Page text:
March 10, 2013 at 5:26 pm

      "I’m still pretty much screwed if my LastPass account is hacked. "
      Or if you forget it.

      And that, IMO, is the weak point of password managers. At some point one has to either have a easily remembered/easily broken password, or write down an uncrackable password.

      • ReadandShare
        March 10, 2013 at 10:46 pm

        " At some point one has to either have a easily remembered/easily broken password, or write down an uncrackable password."

        Not true at all. My LastPass master password is 16 characters long -- with alpha, numeric and special characters. You only have to think up some phrase (preferably nonsensical but whimsical) -- play around with it -- and have yourself a great combo password that no one will be able to guess.

        But what if it's LastPass that get's hacked and all their ID's and passwords fall into the hands of xxxx? Well, the info will be encrypted, hash and salted. xxxx will try to crack them -- and get all the easy ones like "password1" -- and call it good -- long before they get to your 16 or 24 digit behemoth password.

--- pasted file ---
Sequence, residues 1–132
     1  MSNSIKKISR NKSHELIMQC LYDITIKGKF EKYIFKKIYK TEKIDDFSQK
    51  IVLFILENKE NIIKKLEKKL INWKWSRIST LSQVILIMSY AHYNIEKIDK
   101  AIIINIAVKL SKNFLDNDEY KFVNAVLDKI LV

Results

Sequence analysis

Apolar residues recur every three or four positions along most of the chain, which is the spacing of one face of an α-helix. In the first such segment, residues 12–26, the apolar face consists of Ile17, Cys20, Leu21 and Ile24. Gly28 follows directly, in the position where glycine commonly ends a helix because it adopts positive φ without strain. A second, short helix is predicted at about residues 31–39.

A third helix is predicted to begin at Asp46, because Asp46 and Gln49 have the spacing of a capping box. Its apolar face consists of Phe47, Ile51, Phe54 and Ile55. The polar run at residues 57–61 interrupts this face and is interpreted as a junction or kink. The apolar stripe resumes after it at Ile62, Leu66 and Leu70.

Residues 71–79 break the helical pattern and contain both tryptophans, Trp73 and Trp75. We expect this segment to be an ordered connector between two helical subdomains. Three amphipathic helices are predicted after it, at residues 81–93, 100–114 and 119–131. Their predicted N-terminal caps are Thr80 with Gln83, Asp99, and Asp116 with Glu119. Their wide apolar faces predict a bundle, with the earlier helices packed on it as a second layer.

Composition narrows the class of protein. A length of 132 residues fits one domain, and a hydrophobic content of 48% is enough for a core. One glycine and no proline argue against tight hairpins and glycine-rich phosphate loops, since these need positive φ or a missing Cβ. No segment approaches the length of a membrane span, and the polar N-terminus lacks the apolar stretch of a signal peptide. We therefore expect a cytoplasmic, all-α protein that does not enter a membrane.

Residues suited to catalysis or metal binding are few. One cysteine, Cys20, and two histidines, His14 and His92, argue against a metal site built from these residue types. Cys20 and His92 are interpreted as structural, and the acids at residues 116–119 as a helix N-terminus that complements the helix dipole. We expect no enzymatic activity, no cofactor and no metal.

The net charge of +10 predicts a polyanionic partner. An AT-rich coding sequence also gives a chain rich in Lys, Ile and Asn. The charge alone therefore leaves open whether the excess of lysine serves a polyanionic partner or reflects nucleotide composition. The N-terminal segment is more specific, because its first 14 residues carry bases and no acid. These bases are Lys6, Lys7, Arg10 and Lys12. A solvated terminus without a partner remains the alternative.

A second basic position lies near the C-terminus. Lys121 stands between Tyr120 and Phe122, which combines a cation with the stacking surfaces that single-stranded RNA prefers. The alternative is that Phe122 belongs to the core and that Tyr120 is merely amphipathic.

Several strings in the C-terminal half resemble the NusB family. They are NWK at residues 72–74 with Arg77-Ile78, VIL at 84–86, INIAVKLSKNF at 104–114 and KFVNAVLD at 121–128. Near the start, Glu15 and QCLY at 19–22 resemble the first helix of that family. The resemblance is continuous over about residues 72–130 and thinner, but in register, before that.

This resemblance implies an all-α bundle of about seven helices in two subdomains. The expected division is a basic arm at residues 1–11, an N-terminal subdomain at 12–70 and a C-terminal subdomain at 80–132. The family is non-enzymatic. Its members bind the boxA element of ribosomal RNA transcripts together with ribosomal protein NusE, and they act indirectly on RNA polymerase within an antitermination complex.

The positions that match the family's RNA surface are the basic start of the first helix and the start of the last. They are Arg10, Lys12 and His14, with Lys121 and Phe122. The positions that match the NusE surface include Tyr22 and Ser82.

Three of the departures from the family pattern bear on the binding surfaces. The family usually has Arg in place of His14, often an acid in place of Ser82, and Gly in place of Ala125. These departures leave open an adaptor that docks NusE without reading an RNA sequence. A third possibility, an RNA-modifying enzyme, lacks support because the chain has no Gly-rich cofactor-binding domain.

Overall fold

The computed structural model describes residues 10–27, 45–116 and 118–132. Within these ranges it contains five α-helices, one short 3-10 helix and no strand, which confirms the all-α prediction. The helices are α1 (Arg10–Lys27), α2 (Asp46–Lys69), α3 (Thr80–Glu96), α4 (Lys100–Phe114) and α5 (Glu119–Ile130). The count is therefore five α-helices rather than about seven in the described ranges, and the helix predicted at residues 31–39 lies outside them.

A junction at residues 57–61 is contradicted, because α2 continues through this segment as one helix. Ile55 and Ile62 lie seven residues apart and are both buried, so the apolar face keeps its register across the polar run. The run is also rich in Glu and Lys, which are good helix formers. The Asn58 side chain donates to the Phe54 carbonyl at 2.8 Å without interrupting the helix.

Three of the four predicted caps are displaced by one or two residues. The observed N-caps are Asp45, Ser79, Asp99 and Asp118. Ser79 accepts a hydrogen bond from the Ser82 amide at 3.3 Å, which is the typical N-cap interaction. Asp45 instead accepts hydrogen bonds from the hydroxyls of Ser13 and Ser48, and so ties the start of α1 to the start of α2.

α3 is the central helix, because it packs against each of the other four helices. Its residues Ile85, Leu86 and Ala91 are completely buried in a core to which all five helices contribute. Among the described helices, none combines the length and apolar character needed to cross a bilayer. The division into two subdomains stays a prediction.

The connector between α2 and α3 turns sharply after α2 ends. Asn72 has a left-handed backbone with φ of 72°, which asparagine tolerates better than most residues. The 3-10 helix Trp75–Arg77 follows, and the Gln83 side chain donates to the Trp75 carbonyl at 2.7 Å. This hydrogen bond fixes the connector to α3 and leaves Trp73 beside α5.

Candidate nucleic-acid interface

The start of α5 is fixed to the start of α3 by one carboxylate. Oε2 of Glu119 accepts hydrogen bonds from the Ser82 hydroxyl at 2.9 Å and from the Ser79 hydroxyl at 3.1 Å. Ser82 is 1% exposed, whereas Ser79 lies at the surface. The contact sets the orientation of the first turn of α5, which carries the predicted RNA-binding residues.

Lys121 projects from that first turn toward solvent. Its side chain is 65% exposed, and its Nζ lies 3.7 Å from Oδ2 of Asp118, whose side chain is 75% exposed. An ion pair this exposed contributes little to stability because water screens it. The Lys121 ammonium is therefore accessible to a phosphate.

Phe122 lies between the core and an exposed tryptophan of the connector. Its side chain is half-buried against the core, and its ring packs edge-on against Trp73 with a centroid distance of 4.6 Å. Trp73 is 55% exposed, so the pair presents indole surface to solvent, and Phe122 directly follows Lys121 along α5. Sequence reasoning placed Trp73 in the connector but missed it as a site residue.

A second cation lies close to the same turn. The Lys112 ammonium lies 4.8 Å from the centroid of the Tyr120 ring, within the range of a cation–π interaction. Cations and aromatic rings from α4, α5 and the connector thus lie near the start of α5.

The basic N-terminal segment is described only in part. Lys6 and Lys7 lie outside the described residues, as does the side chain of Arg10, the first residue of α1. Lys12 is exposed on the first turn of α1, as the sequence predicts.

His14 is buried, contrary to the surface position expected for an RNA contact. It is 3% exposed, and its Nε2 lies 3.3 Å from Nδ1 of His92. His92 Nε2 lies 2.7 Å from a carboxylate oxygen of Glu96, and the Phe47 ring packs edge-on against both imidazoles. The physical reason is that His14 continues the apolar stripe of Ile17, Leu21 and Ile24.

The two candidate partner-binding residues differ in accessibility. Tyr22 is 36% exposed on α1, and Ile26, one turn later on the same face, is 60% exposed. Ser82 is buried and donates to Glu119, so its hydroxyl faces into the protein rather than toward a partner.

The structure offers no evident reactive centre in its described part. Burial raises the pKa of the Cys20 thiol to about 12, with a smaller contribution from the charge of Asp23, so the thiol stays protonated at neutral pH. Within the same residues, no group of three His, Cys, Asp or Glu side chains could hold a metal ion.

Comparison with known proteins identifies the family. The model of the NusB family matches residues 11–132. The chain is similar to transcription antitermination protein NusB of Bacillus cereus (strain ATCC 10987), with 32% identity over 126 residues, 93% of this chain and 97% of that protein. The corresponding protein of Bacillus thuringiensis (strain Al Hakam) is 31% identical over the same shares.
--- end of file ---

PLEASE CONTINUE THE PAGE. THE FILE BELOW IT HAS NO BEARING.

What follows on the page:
12. Pooky Joralyn
    March 10, 2013 at 1:50 pm

    Too complicating for me to remember, sorry!

  13. Julian Altshul
    March 10, 2013 at 1:44 pm

    Keepass is another great tool, and my personal favourite. Like PWGen, you can create random password strings and define your own criteria including the length of the string and which types of characters to include - i.e. whether to use non-alphanumeric characters, etc.

    One option that I find useful is under the "Advanced" tab: "exclude look-alike characters". In other words, don't use a zero and a letter O together in the same string - or any other characters that would easily be confused for each other.

  14. Grr
    March 10, 2013 at 12:06 pm

    All such tools are helpful only when one is using a password manager. Otherwise it's impossible to remember such complex passwords.

    Could you pls provide some info on the following from the posted pic above:

    1. max security of entire list : 256 bits
    2. security of each password: 71 bits

  15. Scott Macmillan
    March 10, 2013 at 11:53 am

    This is a very well designed password program.Thanks.